Germline stem cells are essential for the survival of organisms by giving rise to the offspring. Gene expression changes within the germ cells can affect embryonic development and in some organisms such changes are transgenerationally inherited. RNA is at the centre of many gene regulatory processes. There are currently more than 150 diverse chemical modifications found on RNA and a greater number of proteins are required for their synthesis and recognition. Recent discoveries have shown that RNA modifications can be dynamically regulated and they have been implicated in embryonic development, longevity, neurological diseases and cancers in humans and in animal models.
How do RNA modifications regulate gene expression in the germ cells? Our RNA (epi)genetics laboratory addresses this broad question using the nematode Caenorhabditis elegans as an animal model.
The PhD project will aim to identify the genetic interactors of an RNA m6A (N6-methyladenosine) methyltransferase METT-10 (METTL16 in humans). METT-10 is an essential RNA methyltransferase which controls mitotic and meiotic germ cell proliferation. The project will combine powerful C. elegans genetics with CRISPR/Cas9 mutagenesis, RNA sequencing and mass spectrometry. This project will lead to novel discoveries in a new area of biology that will influence research in multiple areas (cell cycle, stem cells and development).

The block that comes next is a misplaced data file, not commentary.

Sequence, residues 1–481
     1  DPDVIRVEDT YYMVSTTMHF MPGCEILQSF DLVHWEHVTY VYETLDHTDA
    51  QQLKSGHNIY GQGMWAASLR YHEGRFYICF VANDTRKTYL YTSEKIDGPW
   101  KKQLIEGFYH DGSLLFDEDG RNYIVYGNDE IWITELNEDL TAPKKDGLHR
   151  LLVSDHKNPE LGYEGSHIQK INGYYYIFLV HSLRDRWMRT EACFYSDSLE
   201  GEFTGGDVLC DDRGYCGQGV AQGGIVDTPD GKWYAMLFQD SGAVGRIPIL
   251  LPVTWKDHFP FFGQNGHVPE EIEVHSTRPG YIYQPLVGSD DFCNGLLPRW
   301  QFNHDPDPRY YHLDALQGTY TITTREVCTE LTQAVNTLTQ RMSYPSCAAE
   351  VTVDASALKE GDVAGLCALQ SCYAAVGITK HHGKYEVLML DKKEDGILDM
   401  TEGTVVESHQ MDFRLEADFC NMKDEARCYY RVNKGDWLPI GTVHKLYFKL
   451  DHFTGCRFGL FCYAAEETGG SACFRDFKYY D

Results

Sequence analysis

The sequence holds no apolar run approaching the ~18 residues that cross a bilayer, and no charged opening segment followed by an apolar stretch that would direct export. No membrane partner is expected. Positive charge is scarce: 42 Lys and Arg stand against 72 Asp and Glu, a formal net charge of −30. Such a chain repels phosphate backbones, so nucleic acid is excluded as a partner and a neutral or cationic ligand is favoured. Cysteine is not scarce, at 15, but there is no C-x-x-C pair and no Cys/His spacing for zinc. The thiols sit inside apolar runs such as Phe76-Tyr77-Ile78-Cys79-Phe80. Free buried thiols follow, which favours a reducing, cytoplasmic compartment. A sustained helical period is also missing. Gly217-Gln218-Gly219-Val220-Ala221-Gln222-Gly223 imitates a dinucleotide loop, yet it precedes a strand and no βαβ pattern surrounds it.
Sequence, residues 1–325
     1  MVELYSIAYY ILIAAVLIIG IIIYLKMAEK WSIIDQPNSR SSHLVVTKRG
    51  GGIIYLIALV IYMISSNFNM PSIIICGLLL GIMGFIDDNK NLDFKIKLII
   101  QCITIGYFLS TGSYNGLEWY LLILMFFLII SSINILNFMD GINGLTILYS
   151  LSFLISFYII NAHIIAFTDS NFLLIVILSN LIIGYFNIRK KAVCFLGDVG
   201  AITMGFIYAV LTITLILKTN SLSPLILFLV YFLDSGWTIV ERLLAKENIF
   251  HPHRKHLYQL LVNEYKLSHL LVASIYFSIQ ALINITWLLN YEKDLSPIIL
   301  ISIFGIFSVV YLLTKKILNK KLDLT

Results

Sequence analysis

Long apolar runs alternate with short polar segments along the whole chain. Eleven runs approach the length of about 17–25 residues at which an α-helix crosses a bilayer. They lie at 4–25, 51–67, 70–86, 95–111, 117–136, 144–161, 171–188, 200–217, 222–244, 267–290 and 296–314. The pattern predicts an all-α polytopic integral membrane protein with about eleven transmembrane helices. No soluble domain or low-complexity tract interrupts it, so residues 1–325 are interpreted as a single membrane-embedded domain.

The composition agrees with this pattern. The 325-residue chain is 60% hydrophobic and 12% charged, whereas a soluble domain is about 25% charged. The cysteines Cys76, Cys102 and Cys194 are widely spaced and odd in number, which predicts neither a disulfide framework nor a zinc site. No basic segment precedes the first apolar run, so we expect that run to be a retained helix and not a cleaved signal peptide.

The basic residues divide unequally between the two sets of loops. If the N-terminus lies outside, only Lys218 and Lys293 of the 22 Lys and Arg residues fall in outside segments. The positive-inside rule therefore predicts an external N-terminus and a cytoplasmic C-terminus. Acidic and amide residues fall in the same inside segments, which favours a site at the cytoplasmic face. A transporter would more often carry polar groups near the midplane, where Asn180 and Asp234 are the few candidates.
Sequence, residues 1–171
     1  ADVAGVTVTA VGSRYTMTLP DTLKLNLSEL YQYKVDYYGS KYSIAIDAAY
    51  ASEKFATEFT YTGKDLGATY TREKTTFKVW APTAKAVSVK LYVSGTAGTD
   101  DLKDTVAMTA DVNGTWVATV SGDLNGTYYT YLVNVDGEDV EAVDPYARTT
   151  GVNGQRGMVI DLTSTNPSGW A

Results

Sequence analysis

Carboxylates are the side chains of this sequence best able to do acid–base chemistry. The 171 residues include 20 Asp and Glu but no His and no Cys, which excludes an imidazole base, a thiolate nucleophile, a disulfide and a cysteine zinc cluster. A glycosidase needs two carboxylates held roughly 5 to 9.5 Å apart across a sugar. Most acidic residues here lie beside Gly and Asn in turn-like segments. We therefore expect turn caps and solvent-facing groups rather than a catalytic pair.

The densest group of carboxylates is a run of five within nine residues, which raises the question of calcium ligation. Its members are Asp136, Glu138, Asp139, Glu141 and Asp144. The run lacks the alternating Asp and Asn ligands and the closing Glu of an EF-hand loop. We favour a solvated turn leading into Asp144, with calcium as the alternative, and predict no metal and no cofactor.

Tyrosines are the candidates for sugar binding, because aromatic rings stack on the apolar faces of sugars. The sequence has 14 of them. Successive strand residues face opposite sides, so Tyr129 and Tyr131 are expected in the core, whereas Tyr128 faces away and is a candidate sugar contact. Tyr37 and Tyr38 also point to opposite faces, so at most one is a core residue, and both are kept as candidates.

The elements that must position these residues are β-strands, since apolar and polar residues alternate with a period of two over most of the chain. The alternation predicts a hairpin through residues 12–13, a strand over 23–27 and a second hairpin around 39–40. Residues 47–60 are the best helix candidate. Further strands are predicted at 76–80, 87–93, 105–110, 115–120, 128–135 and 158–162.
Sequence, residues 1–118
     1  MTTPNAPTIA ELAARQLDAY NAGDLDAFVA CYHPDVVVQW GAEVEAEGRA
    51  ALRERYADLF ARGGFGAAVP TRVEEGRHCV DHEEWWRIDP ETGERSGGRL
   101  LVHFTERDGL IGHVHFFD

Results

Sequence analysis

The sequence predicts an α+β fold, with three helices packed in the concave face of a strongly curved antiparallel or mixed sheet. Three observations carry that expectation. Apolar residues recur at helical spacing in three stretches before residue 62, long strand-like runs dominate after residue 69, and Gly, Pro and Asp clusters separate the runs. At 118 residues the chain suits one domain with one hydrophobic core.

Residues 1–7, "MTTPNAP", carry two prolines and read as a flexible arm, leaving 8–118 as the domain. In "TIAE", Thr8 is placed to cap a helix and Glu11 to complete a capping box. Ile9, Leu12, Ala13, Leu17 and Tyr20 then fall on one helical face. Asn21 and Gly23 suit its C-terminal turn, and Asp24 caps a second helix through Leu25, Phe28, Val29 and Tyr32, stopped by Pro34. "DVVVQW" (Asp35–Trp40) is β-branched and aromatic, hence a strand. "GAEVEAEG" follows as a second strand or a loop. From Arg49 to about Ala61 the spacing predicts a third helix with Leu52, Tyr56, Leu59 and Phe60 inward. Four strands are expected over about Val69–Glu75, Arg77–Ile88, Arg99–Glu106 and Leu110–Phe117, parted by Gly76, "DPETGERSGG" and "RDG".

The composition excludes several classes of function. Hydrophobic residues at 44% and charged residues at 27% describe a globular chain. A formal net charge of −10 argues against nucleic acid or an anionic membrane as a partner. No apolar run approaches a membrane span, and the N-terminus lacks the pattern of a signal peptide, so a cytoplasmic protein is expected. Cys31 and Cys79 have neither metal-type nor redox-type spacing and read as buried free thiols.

We offer a multidisciplinary and supportive environment. The student will have a wide range of support to learn different techniques and will interact with national and international laboratories working on RNA modifications. The student will attend conferences, seminars and our annual laboratory retreat. The student will be given internal and external mentorship and career development support. Our new RNA (epi)genetics laboratory is funded by a prestigious UK Research and Innovation funding and provides generous resources and instruments.